The magnetic properties of a material control how this material responds to the presence of a magnetic field. Iron oxide is the main component of rust but also...

Im Focus: Self-healing coating made of corn starch makes small scratches disappear through heat

Due to the special arrangement of its molecules, a new coating made of corn starch is able to repair small scratches by itself through heat: The cross-linking via ring-shaped molecules makes the material mobile, so that it compensates for the scratches and these disappear again.

Superficial micro-scratches on the car body or on other high-gloss surfaces are harmless, but annoying. Especially in the luxury segment such surfaces are...

Im Focus: Stellar cartography

The Potsdam Echelle Polarimetric and Spectroscopic Instrument (PEPSI) at the Large Binocular Telescope (LBT) in Arizona released its first image of the surface magnetic field of another star. In a paper in the European journal Astronomy & Astrophysics, the PEPSI team presents a Zeeman- Doppler-Image of the surface of the magnetically active star II Pegasi.

A special technique allows astronomers to resolve the surfaces of faraway stars. Those are otherwise only seen as point sources, even in the largest telescopes...

Im Focus: Heading towards a tsunami of light

Researchers at Chalmers University of Technology and the University of Gothenburg, Sweden, have proposed a way to create a completely new source of radiation. Ultra-intense light pulses consist of the motion of a single wave and can be described as a tsunami of light. The strong wave can be used to study interactions between matter and light in a unique way. Their research is now published in the scientific journal Physical Review Letters.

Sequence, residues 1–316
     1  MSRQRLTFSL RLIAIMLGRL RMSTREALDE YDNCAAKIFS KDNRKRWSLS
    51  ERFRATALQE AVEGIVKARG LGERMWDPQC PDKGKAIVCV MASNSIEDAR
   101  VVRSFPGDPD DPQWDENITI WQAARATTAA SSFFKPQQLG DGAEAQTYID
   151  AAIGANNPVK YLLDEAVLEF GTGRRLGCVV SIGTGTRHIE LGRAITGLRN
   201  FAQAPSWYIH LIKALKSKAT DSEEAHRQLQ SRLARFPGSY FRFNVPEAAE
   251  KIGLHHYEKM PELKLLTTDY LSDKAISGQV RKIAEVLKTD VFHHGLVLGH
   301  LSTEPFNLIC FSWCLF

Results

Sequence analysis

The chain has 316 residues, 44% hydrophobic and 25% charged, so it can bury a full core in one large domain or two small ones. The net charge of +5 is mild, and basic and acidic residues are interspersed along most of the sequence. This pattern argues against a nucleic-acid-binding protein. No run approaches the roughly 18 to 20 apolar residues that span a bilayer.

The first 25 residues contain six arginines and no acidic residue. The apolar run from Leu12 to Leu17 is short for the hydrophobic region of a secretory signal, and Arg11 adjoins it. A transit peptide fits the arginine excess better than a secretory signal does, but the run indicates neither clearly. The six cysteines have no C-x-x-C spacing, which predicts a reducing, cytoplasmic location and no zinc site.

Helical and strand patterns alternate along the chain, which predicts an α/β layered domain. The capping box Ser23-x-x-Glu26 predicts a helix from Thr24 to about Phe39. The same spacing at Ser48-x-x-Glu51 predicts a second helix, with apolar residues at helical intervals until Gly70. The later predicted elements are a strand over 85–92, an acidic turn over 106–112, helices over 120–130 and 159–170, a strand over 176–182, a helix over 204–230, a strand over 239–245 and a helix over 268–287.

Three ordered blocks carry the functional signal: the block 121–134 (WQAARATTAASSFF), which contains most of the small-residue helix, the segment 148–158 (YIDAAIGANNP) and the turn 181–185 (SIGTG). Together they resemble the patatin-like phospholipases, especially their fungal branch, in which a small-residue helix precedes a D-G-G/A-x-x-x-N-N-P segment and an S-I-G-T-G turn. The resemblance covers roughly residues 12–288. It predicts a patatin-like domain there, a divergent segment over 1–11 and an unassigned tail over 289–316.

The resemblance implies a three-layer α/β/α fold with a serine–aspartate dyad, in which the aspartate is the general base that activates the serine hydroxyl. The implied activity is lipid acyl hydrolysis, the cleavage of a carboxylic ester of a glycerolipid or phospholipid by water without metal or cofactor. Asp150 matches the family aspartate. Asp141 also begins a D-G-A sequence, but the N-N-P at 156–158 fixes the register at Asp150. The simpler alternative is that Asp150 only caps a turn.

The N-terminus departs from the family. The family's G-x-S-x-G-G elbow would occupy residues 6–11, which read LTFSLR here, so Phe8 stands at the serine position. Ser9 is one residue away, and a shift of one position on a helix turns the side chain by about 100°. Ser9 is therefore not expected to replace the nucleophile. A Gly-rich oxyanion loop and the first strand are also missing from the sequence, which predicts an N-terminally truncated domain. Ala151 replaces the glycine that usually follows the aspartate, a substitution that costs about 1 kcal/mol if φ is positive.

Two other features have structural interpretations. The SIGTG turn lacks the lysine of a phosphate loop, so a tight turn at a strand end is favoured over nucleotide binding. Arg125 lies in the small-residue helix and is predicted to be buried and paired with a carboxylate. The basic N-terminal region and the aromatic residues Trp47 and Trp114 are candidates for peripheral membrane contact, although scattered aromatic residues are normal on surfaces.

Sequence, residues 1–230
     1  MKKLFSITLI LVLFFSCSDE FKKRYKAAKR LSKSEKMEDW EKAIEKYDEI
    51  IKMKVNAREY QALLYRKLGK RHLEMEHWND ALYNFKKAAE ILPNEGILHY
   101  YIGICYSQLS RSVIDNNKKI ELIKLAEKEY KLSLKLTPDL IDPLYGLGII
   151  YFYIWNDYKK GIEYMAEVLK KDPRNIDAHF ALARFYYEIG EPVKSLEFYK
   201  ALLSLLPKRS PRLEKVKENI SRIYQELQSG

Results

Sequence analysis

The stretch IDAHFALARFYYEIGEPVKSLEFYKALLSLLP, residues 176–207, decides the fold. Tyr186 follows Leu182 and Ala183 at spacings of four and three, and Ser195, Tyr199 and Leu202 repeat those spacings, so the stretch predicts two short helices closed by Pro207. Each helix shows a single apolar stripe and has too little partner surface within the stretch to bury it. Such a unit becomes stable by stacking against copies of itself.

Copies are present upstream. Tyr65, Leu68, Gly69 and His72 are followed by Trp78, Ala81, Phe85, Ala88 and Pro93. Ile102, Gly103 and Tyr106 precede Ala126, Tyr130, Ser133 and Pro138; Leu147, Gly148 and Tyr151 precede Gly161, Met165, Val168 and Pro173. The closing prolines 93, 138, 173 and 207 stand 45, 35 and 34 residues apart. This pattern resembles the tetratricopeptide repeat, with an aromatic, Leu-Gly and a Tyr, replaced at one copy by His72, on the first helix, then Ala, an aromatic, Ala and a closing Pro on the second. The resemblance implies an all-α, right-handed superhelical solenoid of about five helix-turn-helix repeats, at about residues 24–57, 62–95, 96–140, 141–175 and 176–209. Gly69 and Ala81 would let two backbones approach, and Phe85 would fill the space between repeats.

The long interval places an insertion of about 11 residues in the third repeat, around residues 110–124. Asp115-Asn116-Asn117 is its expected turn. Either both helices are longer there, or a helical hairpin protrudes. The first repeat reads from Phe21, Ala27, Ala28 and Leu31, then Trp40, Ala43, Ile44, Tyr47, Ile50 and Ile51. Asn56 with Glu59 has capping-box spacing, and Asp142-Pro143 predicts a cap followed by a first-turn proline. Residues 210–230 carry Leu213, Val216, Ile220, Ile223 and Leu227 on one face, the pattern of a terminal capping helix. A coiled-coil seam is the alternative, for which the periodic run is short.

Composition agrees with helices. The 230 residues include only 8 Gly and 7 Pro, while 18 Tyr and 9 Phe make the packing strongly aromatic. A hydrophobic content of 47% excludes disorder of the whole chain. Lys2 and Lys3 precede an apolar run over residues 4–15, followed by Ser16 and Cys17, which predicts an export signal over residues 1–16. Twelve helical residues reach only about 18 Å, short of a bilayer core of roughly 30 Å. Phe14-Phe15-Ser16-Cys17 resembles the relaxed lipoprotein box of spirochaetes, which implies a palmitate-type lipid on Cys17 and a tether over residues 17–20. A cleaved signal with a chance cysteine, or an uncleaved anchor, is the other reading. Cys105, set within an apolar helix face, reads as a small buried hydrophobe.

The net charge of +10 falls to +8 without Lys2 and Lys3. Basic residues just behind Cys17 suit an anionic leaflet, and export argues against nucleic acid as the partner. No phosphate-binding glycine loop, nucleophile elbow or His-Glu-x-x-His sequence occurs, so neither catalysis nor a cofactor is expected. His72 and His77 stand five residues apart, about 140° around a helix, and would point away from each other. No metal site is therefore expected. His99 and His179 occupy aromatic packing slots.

"This source of radiation lets us look at reality through a new angle - it is like twisting a mirror and discovering something completely different," says...

Im Focus: Revealing the secret of the vacuum for the first time

New research group at the University of Jena combines theory and experiment to demonstrate for the first time certain physical processes in a quantum vacuum

For most people, a vacuum is an empty space. Quantum physics, on the other hand, assumes that even in this lowest-energy state, particles and antiparticles...

All Focus news of the innovation-report >>>

Anzeige

Anzeige

VideoLinks
Industry & Economy
Event News

International Modelica Conference with 330 visitors from 21 countries at OTH Regensburg

11.03.2019 | Event News

Selection Completed: 580 Young Scientists from 88 Countries at the Lindau Nobel Laureate Meeting

01.03.2019 | Event News

LightMAT 2019 – 3rd International Conference on Light Materials – Science and Technology

28.02.2019 | Event News

 
Latest News

To proliferate or not to proliferate

21.03.2019 | Life Sciences

Magnetic micro-boats

21.03.2019 | Physics and Astronomy

Motorless pumps and self-regulating valves made from ultrathin film

21.03.2019 | HANNOVER MESSE

VideoLinks
Science & Research
Overview of more VideoLinks >>>